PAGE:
Nearly 40% of Americans planned in-person Thanksgiving events with at least 10 people, flouting public health recommendations to keep celebrations virtual amid the pandemic, survey says

  • A national survey conducted by The Ohio State University Wexner Medical Center found that nearly 2 in 5 Americans plan to host in-person Thanksgiving celebrations with more than 10 people.
  • A third of respondents also said they will not ask guests to wear a mask, though a majority would put health safety precautions in place.
  • The findings come at odds with advice from public health experts, who are recommending Americans avoid small indoor gatherings, which are driving new COVID-19 cases in the US.
  • Dr. Iahn Gonsenhauser, chief quality and patient safety officer at The Ohio State University Wexner Medical Center, expressed concern on the impact these in-person gatherings could have on the rise in US infections.
  • "We're going to look back at what happened during this holiday season and ask ourselves, 'Were we part of the solution or were we part of the problem?'" Gonsenhauser said in a statement.
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Nearly 40% of Americans planned in-person Thanksgiving celebrations with more than 10 people, a national survey conducted by The Ohio State University Wexner Medical Center found.

The survey, which took responses from more than 2,000 people in early November, also revealed that a third will not ask guests to wear a mask, though the majority of respondents said they would put precautions in place at gatherings, such as social distancing.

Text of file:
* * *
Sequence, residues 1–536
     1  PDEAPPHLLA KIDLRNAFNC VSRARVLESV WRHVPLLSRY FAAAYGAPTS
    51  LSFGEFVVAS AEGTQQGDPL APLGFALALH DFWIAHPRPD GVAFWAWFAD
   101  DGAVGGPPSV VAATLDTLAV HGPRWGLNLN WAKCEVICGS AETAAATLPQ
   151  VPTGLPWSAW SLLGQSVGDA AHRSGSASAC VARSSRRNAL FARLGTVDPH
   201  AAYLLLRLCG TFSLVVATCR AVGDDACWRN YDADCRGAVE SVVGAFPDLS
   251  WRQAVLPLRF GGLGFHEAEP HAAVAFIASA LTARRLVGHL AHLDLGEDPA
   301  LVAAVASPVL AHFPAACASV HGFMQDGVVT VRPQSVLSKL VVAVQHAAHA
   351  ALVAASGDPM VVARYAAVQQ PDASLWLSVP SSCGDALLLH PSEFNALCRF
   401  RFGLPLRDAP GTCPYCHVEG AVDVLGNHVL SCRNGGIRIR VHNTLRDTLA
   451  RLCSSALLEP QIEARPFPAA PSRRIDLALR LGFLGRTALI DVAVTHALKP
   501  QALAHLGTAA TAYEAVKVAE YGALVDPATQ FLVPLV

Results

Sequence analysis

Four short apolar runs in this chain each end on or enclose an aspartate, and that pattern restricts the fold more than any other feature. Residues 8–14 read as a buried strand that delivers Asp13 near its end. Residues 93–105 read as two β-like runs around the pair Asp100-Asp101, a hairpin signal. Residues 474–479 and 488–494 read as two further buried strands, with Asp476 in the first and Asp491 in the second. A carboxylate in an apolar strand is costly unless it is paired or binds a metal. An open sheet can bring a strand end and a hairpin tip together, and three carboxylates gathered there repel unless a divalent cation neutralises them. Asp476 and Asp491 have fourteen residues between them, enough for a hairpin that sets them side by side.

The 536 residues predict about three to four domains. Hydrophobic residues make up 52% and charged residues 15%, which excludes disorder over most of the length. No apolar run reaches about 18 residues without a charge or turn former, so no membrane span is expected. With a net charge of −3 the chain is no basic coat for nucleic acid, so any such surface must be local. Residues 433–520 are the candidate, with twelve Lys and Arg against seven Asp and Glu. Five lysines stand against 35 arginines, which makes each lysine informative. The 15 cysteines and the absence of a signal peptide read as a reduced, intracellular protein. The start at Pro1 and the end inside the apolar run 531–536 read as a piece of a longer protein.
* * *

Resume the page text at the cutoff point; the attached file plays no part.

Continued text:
The findings come at odds with advice from public health experts, who are recommending Americans avoid small indoor gatherings, which are driving new COVID-19 cases in the US.

Dr. Iahn Gonsenhauser, chief quality and patient safety officer at The Ohio State University Wexner Medical Center, expressed concern on the impact these in-person gatherings could have on the rise in US infections.

"We're going to look back at what happened during this holiday season and ask ourselves, 'Were we part of the solution or were we part of the problem?'" Gonsenhauser said in a statement.

"When you're gathered together around the table, engaged in conversation, sitting less than 6 feet apart with your masks down, even in a small group, that's when the spread of this virus can really happen," he continued.

Top US infectious disease expert Dr. Anthony Fauci echoed the same concern in an October livestream with JAMA editor in chief Howard Bauchner, describing what people might expect as a result of large indoor Thanksgiving celebrations without proper health safety precautions put in place.

"You get one person who's asymptomatic and infected, and then all of a sudden four or five people in that gathering are infected," Fauci told Bauchner. "That's the exact scenario that you're going to see in Thanksgiving."

Gonsenhauser said the safest solution to ensure stemming the spread of the coronavirus among family members is to host virtual celebrations and cancel in-person plans. But if Thanksgiving celebrations will proceed in person, he emphasized the importance of social distancing in seating arrangements and encouraged people who are traveling to be mindful of COVID-19 restrictions.

"If you have somebody in your household who's high risk and you're in a low incidence area, you're going to want to think twice about having a celebration where people are coming from an area where there's a lot of virus in the community," he said in the statement.

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